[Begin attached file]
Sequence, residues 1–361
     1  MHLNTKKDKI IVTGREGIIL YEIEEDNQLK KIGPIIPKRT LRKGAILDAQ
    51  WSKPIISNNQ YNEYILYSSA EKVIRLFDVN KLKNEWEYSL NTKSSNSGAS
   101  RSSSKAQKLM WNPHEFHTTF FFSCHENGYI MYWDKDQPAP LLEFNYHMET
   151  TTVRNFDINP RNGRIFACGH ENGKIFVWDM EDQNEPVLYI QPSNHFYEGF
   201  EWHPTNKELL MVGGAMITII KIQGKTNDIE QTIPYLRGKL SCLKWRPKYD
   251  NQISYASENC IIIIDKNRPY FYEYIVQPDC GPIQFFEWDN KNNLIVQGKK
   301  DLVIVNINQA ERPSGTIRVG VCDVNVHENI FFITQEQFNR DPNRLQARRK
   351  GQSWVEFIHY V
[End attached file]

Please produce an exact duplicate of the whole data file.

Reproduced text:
Sequence, residues 1–361
     1  MHLNTKKDKI IVTGREGIIL YEIEEDNQLK KIGPIIPKRT LRKGAILDAQ
    51  WSKPIISNNQ YNEYILYSSA EKVIRLFDVN KLKNEWEYSL NTKSSNSGAS
   101  RSSSKAQKLM WNPHEFHTTF FFSCHENGYI MYWDKDQPAP LLEFNYHMET
   151  TTVRNFDINP RNGRIFACGH ENGKIFVWDM EDQNEPVLYI QPSNHFYEGF
   201  EWHPTNKELL MVGGAMITII KIQGKTNDIE QTIPYLRGKL SCLKWRPKYD
   251  NQISYASENC IIIIDKNRPY FYEYIVQPDC GPIQFFEWDN KNNLIVQGKK
   301  DLVIVNINQA ERPSGTIRVG VCDVNVHENI FFITQEQFNR DPNRLQARRK
   351  GQSWVEFIHY V